I wonder whether quid’s fear is that, in another few years, a presence on MO might become de facto mandatory to get into a top grad school. I can’t promise that admissions committees won’t do silly things, but this would be a silly thing to do and I would oppose it. There are tons of ways to establish a record as a strong and interesting mathematical mind. Excel in your classes and impress your professors with conversation. Go to REU’s and write excellent papers. Join (or found!) an after-school program mentoring high school math students and be a great teacher. MO and the math blogosphere is one option, and it is far from the only one. Figure out the way you can excel and do so.

  5. David: you say, “This is about worrying about people who are, as Ben so excellently said, going to be unable to be a citizen of our department.”

    But what are these implicit standards of conduct that you’re imposing on members of your department? Shouldn’t they be made explicit? And by what methods do you use a candidate’s online presence to determine their likelihood of meeting these standards? One point of confusion for me is that politeness seems to be a primary concern of yours, but I don’t see much correlation between being a bad teacher or colleague and being on the coarser side of polite.

  6. Standards of conduct cannot really be made completely explicit without bringing in a huge legalistic mess.

    I think when David says “polite”, he really means “not crazy or abusive”.

  7. Point taken, Alexander. David, please don’t feel pressed to reply. I just wanted to air a couple of questions in this public forum.

  8. The “coarser side of polite” slopes slipperyly into denigrating others, making offensive remarks, and harassment. Now just being on the coarser side of polite is great — I love mathematicians’ for their lack of tack — but the rest is not.

    As Alex makes clear, there are serious obstacles to drawing a sharp line here. On the other hand, our obligation to help create an appropriate working environment for all our students and colleagues makes it reasonable to take into account evidence of those sorts of behaviour.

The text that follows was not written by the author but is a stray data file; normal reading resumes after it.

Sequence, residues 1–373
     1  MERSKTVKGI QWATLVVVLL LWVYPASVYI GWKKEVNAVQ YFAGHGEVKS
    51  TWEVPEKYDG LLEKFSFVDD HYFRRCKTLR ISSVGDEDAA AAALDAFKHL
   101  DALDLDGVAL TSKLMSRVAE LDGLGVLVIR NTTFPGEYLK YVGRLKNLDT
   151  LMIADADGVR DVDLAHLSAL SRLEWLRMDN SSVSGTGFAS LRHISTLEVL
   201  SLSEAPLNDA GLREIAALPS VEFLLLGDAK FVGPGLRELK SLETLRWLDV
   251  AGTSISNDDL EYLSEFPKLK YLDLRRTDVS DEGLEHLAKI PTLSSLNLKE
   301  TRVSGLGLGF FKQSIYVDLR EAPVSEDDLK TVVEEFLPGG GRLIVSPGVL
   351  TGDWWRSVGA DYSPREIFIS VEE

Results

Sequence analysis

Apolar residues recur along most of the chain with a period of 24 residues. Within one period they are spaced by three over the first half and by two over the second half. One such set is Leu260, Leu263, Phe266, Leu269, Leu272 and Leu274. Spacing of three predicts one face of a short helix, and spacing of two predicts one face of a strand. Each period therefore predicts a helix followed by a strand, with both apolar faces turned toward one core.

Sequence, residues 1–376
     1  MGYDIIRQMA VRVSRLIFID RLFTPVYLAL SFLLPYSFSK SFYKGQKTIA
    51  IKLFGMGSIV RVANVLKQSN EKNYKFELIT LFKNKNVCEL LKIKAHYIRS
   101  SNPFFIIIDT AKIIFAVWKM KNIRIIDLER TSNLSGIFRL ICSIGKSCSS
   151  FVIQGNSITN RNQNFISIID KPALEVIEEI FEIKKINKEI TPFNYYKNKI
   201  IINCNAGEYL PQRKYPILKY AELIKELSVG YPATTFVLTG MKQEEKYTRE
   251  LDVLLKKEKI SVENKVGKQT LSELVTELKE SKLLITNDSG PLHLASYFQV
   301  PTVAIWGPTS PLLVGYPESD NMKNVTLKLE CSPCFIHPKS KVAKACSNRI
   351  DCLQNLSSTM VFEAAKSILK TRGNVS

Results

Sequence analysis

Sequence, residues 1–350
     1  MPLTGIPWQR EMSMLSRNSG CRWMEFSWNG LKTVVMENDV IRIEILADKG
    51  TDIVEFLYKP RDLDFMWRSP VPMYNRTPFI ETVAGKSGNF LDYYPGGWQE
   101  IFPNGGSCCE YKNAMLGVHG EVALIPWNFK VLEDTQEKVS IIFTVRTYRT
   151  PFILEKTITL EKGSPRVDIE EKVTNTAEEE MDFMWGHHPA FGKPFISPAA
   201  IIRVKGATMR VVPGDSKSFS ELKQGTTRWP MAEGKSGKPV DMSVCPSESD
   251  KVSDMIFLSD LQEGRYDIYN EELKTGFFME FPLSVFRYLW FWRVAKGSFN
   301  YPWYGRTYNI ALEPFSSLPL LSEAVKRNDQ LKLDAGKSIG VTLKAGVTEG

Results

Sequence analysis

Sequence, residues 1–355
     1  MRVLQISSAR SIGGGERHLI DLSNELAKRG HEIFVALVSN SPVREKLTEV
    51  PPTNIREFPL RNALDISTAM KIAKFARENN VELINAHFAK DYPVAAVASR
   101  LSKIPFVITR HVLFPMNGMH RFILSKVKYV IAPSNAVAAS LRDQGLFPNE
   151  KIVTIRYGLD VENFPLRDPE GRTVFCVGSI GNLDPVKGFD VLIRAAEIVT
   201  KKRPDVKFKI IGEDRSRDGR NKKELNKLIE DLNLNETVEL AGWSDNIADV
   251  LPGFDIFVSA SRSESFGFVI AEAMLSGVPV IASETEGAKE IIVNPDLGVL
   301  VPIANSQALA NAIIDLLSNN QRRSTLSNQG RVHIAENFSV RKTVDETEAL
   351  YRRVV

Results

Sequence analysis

9. First off, my apologies for forgetting to check back here. Since there’s not threaded comments in this theme I must hope you’ll read this somehow.

    @Ben Thanks! I’ll take care of the other side later

    @Scott we are hesitant to include full posts in our feeds for legal reasons.

  10. I would think that it would be very hard to tell if someone applying to grad schools is someone who gets into fights with others and so on. If it shows up clearly in his/her file I would think that it is either a) an extreme case, in which case of course you should not take him/her in, or b) just has made one or more enemies, which could mean anything. Probably departments would not want to take risks, which would be too bad if b) were the case and the applicant is not at fault.

    I guess it’s also possible someone can get into disputes online in a public way, but that strikes me as rare. I can think of only one MO user like that.

    Blowing off assignments and classes is another story. Many people like that will not do work that doesn’t interest them, which bodes pretty poorly in terms of success as a graduate student.

  11. @David: I am not worried that an MO presence will become mandatory. But I am worried that even a modest MO presence will be considered as significant and thus desirable as an end in itself, encouraging people to participate just to have participated. In my opinion, this will neither be good for the students nor for MO.

    Regarding the first part of your comment, I am not sure to what extent it is addressed at me. I explictly said that regarding considering the MO presence I have less or no privacy concerns.
    So, I also disagree that looking at the record an applicant has left in public professional fora is like spying on his or her personal life.
    (I am not a lawyer either but I believe that in some legal systems this distinction ‘online information relevant to position at hand’ and ‘arbitrary online stuff’ is made; former alright, latter not).

    The only thing I find suprising is that it seemed to me from your description that, while there are quite specific regulations what one is allowed to verbally ask, to what extent one searches around online is left to everybodies personal judgement. Now, it seems to me that your personal judgement is a good one, but then one could also say your judgement would be good enough to know what to ask verbally. So, I found this discrepancy in regulation suprising (from an abstract point of view).

  12. quid- Well, employment law doesn’t always make sense. It was put together as a hodge-podge over time in response to specific problems, almost all of it before the appearance of the internet. From what I understand, for example, it’s perfectly legal to not hire someone because they have a beard (except in DC!); there are certain classes of information you are explicitly forbidden to consider like gender and religion, but everything else is fair game.